In an Sukanya Samriddhi Account, a minimum of Rs. 1,000 has to be deposited every year and the maximum limit is Rs. 1.5 lakh. And there is no limit on number of deposits either in a month or in a financial year.
In case of PPF, an individual but has to deposit a minimum of Rs. 500 in a financial year while the maximum limit is Rs. 1,50,000. And deposits can be made in lump-sum or in 12 installments.

Documents Required to Open the Account
Document required for opening Sukanya Samriddhi account are:-
  • Birth certificate of girl child
  • Address proof
  • Identity proof

Money Withdrawal
The account matures 21 years from the date of opening of the account, though up to 50% of the corpus can be withdrawn after the girl is 18 or gets married. If account is not closed after maturity, the balance will continue to earn interest as specified for the scheme from time to time. The maturity period of a PPF account is 15 years but it can be extended in blocks of five years. PPF also offers more flexible withdrawal options after 5 years of investment.

Premature closure of account
(1) In the event of death of the account holder. the account shall be closed immediately on production of death certificate issued by the competent authority and the balance at the credit of the account shall be paid along with interest till the month preceding the month of premature closure of the account , to the guardian of the account holder. 
(2) Where the Central Government is satisfied that operation or continuation of the account is causing undue hardship to the account holder, it may, by order for reasons to be recorded in writing, allow premature closure of the account  only in cases of extreme compassionate grounds such as medical support in life‑ threatening diseases, death, etc.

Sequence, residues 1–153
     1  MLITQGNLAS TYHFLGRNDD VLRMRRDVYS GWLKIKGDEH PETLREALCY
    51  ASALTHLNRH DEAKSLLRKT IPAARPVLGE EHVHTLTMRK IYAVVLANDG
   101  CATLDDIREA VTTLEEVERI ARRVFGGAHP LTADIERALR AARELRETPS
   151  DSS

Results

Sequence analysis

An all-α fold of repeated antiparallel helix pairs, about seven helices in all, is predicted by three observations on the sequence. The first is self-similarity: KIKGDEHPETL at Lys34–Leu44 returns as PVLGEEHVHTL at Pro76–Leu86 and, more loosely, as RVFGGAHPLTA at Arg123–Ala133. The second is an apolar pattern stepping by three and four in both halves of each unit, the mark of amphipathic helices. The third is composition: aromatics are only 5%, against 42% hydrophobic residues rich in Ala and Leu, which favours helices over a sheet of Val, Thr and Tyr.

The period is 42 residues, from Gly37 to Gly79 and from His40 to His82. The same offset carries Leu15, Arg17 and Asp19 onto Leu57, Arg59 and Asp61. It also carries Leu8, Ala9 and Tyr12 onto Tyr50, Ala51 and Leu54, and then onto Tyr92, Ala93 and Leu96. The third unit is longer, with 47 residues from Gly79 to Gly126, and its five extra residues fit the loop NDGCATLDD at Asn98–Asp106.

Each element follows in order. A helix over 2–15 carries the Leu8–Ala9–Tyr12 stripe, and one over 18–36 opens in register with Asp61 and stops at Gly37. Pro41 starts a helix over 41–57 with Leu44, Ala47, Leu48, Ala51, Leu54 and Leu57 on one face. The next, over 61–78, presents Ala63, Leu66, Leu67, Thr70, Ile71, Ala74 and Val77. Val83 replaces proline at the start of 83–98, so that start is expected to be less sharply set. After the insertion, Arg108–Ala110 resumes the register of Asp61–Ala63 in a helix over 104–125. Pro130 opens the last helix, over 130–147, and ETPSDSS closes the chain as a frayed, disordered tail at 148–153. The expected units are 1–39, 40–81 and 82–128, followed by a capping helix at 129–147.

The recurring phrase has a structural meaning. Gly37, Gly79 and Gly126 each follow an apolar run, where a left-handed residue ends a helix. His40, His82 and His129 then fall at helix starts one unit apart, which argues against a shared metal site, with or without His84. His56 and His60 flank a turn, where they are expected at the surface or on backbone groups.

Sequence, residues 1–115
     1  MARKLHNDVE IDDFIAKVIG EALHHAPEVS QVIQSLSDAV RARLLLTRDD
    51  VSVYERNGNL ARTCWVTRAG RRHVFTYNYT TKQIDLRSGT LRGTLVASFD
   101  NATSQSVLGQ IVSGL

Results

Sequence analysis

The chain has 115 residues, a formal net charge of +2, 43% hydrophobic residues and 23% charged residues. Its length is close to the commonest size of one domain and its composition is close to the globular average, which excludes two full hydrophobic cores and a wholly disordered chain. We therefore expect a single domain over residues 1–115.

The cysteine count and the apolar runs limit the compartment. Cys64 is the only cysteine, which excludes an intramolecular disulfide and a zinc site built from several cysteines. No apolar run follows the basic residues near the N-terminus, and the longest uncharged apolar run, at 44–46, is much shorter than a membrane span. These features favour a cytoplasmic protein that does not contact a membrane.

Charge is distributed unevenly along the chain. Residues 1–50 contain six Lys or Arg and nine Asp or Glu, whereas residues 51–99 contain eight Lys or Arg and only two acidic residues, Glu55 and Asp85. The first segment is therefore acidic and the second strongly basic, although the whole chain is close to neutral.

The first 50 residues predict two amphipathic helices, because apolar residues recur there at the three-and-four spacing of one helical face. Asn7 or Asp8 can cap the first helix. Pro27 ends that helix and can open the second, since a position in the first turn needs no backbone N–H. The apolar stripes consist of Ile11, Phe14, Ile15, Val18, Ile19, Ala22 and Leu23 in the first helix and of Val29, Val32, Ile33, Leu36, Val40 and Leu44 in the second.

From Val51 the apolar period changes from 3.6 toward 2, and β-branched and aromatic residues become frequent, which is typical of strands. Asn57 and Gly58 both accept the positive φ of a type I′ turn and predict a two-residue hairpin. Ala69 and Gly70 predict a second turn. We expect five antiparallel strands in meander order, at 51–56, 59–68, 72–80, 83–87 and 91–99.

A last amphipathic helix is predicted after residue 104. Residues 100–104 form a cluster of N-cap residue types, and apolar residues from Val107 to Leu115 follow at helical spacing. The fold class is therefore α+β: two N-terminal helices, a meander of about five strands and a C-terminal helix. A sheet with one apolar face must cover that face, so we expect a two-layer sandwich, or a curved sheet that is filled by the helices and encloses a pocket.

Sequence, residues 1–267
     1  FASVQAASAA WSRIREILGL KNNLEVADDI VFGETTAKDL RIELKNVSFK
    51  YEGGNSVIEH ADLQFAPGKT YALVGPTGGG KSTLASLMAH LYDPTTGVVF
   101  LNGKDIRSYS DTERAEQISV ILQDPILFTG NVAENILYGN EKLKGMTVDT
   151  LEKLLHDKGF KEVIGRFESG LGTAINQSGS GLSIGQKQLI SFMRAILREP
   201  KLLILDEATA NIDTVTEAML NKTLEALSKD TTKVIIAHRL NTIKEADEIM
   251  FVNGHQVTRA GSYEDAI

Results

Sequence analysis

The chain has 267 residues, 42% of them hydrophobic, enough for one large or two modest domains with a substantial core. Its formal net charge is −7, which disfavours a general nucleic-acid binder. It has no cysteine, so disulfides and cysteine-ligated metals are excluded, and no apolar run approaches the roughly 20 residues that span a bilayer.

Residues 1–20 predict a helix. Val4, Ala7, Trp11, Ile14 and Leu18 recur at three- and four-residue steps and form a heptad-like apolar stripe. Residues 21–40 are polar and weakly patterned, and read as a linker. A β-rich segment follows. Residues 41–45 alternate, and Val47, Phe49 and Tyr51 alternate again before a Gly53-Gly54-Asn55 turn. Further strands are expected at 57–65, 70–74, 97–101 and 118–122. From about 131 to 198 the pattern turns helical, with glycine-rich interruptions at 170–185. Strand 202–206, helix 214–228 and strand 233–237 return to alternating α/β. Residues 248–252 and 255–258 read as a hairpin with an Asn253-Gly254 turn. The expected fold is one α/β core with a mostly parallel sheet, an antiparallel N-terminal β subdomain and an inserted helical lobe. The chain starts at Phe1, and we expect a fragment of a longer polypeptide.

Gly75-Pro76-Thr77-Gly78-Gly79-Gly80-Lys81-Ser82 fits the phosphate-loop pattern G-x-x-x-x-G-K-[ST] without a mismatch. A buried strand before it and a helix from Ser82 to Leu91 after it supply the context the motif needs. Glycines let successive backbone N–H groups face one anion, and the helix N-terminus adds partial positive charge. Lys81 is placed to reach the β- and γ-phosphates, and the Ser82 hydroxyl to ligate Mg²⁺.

Taxation
In terms for taxation, deduction up to Rs. 1.5 lakh is allowed under Section 80C in both the Sukanya Samriddhi Account and PPF. Also, both the schemes qualify for tax-free status on withdrawal and interest income.

List of Authorised PSU Banks
List of Banks which have been authorised to open Sukanya Samriddhi Account are as below.
  • State Bank of India (SBI)
  • Bank of Baroda (BoB)
  • Punjab National Bank (PNB)
  • Bank of India (BoI)
  • Canara Bank
  • UCO Bank
  • United Bank of India
  • Andhra Bank
  • Allahabad Bank
  • Indian Bank
  • Corporation Bank
  • Central Bank of India
  • IDBI Bank
  • Dena Bank 

Conclusion
PPF scores over Sukanya Samriddhi Account in terms of liquidity (partial withdrawal facility) and other flexibility. But Sukanya Samriddhi Account could potentially give higher returns.
The choice between Sukanya Samriddhi Account and PPF is a trade-off between more flexibility and higher returns. PPF offers more flexibility while Sukanya Samriddhi Account can potentially give higher returns. Investors with surpluses can look at the distributing their investments in both the schemes.

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The book "From the Rat Race to Financial Freedom" has many such investment concepts explained in a very simple and uncomplicated manner, especially in the Indian context.